Justin Trudeau has proven to be a radically reformist Canadian Prime Minister, especially on issues of gender.
The self-identified feminist’s government has recently pushed to change the wording of the Canadian national anthem to be gender-neutral.
Two of our contributors, Simon Green and Matthew Spivey, debate whether this is truly going to mean anything for gender equality in Canada, or whether it is a distraction from his Liberal government’s shortcomings in other areas.
‘This is a trivial issue’
By Simon Green
Canadian Senate’s decision to pass a bill replacing the lyric, ‘In all thy sons command,’ with ‘In all of us command’ in ‘O, Canada’. Social media took a typically insightful and nuanced response to the issue, in creating a range of memes in which Justin Trudeau reacts angrily if the word ‘man’ appears anywhere.
Obviously, sexism and gender discrimination are issues that continue to haunt Western society, but is a word in a song the reason for this in Canada?
According to the Canadian Women’s Foundation, “An estimated 10-15% of the wage gap is attributed to gender-based wage discrimination”. Seriously? It’s the 21st century and there is still a section of Canadian society which feels women are less valuable in the workplace, purely on the grounds of gender?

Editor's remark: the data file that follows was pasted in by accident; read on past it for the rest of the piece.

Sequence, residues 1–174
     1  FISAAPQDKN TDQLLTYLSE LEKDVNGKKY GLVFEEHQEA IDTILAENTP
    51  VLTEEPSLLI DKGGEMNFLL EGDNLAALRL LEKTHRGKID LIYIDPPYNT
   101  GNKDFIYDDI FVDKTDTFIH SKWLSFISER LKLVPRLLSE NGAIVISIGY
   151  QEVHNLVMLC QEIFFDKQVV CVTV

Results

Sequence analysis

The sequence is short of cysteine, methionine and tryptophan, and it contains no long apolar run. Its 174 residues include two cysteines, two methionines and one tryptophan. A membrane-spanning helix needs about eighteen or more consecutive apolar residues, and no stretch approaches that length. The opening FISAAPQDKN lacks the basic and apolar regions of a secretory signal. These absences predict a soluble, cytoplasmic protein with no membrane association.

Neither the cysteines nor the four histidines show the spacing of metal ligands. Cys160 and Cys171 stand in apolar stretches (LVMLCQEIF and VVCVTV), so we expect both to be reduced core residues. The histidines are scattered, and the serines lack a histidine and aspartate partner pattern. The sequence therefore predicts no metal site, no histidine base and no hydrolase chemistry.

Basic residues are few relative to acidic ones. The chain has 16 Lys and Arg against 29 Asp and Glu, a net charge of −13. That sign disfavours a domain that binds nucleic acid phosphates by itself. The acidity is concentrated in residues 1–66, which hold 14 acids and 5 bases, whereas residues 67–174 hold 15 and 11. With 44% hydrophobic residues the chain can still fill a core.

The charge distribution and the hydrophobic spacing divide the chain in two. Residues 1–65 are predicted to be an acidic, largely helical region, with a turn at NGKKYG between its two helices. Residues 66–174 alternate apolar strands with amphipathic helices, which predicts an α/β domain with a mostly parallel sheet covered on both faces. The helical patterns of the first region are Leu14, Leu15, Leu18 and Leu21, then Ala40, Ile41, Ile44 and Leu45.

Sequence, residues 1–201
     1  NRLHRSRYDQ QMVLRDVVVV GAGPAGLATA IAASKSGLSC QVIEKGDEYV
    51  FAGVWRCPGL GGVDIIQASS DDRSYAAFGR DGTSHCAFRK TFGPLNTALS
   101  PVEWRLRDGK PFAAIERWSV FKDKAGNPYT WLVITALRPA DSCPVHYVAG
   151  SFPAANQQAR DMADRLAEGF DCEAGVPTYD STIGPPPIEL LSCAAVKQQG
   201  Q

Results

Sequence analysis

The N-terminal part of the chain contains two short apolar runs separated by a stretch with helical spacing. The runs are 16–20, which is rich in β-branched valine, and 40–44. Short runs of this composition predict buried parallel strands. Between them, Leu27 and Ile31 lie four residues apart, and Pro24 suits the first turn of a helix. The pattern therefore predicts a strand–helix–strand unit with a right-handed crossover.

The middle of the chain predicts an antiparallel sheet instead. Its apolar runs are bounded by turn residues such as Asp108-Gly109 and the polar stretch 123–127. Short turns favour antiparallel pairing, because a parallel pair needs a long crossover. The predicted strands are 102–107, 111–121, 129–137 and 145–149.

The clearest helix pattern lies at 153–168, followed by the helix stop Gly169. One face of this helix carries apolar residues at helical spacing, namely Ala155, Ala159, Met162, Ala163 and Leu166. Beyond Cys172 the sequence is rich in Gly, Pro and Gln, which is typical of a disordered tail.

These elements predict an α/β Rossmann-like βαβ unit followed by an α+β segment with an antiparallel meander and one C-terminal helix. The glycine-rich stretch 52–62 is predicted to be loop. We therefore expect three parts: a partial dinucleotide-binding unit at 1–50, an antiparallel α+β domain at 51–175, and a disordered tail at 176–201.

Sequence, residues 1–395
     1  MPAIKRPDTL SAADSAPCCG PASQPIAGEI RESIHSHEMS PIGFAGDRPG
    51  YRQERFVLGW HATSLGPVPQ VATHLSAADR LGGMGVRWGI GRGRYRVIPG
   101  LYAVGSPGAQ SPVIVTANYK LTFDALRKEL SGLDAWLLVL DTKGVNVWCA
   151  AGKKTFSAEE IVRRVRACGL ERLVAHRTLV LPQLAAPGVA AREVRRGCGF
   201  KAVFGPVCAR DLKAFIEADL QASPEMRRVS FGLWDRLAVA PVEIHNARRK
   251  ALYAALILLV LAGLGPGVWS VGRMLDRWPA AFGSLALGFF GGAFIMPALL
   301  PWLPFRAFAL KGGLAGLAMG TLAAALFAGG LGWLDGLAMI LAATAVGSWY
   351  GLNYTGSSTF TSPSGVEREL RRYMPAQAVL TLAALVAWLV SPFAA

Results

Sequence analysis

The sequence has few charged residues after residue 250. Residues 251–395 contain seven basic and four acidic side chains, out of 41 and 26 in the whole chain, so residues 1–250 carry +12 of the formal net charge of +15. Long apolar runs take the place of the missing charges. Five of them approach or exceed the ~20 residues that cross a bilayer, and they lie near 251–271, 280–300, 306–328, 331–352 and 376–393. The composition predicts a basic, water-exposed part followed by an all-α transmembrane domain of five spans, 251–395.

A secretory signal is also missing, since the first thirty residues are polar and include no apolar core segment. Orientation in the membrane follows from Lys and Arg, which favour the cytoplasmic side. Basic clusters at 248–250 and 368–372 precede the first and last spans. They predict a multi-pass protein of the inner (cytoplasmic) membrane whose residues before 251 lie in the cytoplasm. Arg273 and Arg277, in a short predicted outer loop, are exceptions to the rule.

Surely this is the issue that Trudeau’s Liberal Party should be addressing, and not taking a stand on such a trivial issue as a word in the national anthem. I don’t believe for one second that Canadian women will really feel any more or less valued after this change takes place; do the government think that this will magically make sexist discrimination disappear overnight?
Frankly, making such a song-and-dance about it looks like window-dressing, pure and simple.
‘No, it’s long overdue’
By Matthew Spivey
Senator Frances Lankin passed the bill to amend the National Anthem, ‘O Canada’, with the profound message that this change “may be small… but it’s huge in terms of one of our major national symbols”. The patriarchal gendering of the line, ‘in all thy sons command’, is an exclusion of women from societal prevalence. Contentions to this decision suggested that the change defies the sacred nature of Canada’s history. The ‘sacred’ nature of a lyric representing gender exclusivity holds no place in modern day society, patriarchal or gendered terms should be removed from all displays of national identity.
The struggle to amend the lyrics of the National Anthem began way back in the 1950s, then resurged in the 1980s with prominent writer Margaret Atwood battling for change. Whilst a poll taken in 2013 found that 65% of Canadians were opposed to changing the anthem, it is a long-awaited but aptly timed amendment, as Canada’s arguably most liberal-minded Prime Minister, Justin Trudeau, is in power.
In a television debate last week Trudeau claimed that ‘we like to say “peoplekind”, not necessarily “mankind”, because it is more inclusive’. It would seem then that to continue presenting this gendered National Anthem as a mark of National Identity would be to undermine this very inclusivity.
Photograph: John McCallum via Flickr